Local partnership helps make homeownership possible

To some it may just be another house, but to the students and staff of Springfield-Clark Career Technology Center (CTC), it’s an accomplishment, a job well done; and to the new owner, well – it’s a home.

For the second consecutive year, CTC has partnered with the Neighborhood Housing Partnership of Greater Springfield (NHP) to construct a new house in the southwest quadrant of Springfield – 810 Clifton Ave. is expected to be completed in May 2021.

CTC students from the carpentry, electrical and HVAC programs will spend the school year constructing the new home for a deserving buyer.

“(The students) really enjoy it,” says John Schmid, CTC carpentry instructor. “Just about every day they take a picture of what they got done that day.”

Schmid hopes his students will take the skills they have learned on the housing project and enter their field of study upon graduation, but at the very least, he says, “They will have a working knowledge of how a house is built. Even if they don’t go into the industry, they can still set a door or window in their own house later in life. This gives them a basic knowledge of construction.”

Greg Womacks, executive director of NHP says the partnership with CTC is fun and exciting.

“It’s just exciting on all fronts when you realize that young students are learning a trade, and you are assisting in their education,” he says. “It’s hard to think about without smiling. We enjoy this partnership immensely.”

Formed in 2002, NHP is a non-profit organization dedicated to increasing and preserving homeownership, promoting the development and rehabilitation of housing, and supporting vibrant, healthy neighborhoods.

NHP is overseen by a diverse board of trustees comprised of neighborhood residents, business and government, minority and low-income representatives.

The land at 810 Clifton Ave. is owned by NHP. The City of Springfield provides funding through its Home Funds program to build the home, which this year already has a buyer. Proceeds from the sale of the home will go back to the City’s Home Funds program.

“The buyer has to meet income criteria which is a lower to moderate income,” Womacks says. “NHP works with local realtor Sheila Rice who really knows the community. When we start to build the house, we get ahold of her, and she begins looking.”

Womacks says Rice has only reported one problem: there are more buyers than houses.

“I don’t think we have a shortage of people that are ready to step up and prepare their credit and budgets to purchase a home,” says Womacks. “Some are paying such a high rent they can actually easily afford a house payment.”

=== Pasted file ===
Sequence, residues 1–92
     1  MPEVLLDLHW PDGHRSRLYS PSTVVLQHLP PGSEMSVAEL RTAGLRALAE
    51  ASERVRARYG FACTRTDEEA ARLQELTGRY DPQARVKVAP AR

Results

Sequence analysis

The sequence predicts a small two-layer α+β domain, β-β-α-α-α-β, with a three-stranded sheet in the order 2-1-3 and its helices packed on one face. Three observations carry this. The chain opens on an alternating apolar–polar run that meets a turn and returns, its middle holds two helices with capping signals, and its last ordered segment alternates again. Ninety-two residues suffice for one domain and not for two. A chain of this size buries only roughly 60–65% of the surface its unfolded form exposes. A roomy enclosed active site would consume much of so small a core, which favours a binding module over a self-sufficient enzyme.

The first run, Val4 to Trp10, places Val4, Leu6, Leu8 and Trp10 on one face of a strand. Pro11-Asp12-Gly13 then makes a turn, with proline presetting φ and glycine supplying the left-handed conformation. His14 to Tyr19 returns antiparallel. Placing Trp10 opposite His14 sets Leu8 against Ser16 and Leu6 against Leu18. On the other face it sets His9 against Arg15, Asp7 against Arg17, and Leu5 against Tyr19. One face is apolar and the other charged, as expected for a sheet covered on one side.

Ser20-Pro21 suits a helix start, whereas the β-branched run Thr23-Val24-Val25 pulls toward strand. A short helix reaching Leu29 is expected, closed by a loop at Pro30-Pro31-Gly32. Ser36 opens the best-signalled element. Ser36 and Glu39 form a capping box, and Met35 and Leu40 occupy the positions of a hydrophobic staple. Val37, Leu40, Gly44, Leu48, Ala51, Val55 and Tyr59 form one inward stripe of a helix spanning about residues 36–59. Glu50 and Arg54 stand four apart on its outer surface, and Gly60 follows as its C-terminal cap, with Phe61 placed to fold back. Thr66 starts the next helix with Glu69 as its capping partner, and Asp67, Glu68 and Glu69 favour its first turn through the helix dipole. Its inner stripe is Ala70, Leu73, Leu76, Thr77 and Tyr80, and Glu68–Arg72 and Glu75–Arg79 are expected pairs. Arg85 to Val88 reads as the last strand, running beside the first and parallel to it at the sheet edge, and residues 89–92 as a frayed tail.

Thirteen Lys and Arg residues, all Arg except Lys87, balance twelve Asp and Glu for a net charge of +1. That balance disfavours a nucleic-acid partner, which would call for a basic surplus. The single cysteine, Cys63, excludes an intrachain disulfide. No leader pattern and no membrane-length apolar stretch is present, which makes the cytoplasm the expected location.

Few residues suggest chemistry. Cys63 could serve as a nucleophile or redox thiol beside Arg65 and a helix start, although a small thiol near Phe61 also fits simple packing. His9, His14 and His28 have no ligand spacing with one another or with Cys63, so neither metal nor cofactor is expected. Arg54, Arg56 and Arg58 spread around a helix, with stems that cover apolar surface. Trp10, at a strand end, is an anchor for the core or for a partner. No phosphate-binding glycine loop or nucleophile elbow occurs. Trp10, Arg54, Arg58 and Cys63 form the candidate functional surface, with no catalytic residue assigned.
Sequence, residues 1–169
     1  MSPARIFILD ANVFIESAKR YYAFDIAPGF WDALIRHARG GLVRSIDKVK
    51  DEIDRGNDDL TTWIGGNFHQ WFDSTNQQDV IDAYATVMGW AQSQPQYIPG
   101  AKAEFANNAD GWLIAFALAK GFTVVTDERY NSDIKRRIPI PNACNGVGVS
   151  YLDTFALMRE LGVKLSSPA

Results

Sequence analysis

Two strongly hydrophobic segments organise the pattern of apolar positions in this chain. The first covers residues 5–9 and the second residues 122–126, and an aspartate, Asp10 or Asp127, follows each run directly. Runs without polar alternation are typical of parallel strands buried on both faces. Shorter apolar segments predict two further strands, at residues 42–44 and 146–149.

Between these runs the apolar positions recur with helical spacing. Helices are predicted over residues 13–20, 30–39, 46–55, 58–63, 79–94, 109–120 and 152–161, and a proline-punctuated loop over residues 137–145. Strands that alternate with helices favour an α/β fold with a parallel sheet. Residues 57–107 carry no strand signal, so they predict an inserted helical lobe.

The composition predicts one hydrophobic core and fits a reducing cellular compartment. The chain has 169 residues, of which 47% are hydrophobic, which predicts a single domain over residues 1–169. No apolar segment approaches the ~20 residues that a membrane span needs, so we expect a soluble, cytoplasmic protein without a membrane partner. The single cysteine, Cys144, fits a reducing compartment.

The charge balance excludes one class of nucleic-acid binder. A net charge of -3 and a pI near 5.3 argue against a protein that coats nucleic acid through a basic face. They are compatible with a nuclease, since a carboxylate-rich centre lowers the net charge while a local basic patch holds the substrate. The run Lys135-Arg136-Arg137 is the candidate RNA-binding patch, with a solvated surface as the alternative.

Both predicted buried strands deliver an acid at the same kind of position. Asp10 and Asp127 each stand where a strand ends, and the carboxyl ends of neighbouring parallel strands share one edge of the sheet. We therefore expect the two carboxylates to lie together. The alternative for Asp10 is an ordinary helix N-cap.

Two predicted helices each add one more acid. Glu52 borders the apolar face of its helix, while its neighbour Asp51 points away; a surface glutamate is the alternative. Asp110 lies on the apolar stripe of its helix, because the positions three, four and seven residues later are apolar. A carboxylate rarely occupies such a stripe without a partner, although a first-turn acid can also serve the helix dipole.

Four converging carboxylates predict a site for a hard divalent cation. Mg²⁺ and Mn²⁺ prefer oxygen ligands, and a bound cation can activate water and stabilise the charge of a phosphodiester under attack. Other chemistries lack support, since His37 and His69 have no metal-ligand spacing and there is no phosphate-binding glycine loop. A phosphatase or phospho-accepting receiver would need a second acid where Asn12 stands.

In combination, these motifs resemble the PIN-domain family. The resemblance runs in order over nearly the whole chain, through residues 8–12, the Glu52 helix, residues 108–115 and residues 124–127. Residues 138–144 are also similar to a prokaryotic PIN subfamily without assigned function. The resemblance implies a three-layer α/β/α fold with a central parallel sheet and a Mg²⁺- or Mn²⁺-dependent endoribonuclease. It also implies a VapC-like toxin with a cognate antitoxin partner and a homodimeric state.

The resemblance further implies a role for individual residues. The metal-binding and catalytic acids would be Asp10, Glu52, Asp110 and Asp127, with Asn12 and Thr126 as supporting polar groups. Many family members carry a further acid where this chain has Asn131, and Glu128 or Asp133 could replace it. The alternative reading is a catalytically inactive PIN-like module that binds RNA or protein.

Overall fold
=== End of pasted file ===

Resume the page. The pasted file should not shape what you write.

This year’s home buyer has the opportunity to have a say in the finishing touches on the home, such as countertops and colors.

“It’s not often we have a buyer this early,” Womacks says. “We have already reached out to her so we can talk about some things she can make decisions on. We’re hoping in the future to always have this so they can make some of the final decisions and make it their home.”

NHP has been fortunate to easily find buyers for the homes, but the long-term goal is to build three houses per year in the target area of Springfield, he says.

The partnership with CTC also came easily to the NHP, Womacks says.

“We reached out to CTC, spoke with the superintendent, talked about their programs, and created a budget,” he says. “Reduced cost is a positive for the City. We want to work with (CTC) as much as we can.”

The first home CTC students built for NHP – 800 Clifton Ave. – was completed in May of this year. Because of COVID-19 safety guidelines, however, the completed home was presented via virtual open house at CTC’s graduation ceremony.

“It’s just a whole lot of fun to interact with the students as they’re learning how to do stuff,” says Womacks. “It’s one of the greatest things we do, a great partnership.”

NHP’s focus is to assist as many residents in Springfield as possible with affordable housing issues, whether its repairs or building a house for someone, Womacks says.

“When you bring in a group, such as CTC, and you have students there, you look at the project in a whole new way,” he says. “Joining together always creates more for the community than doing it on our own.”

Michelle Patrick, Superintendent of Springfield-Clark CTC, agrees. She says CTC appreciates being able to have hands-on experience for its students in the community and to be able to give to the community at the same time.

“We always try to do a project house in general, but the fact that we can do one that is about improving and giving to the community and helping through the NHP initiative is invaluable,” Patrick says. “I hope our students see that as well. They are always proud of the work that they do, but this is like ‘double pride.’”

Read more articles by Darci Jordan.

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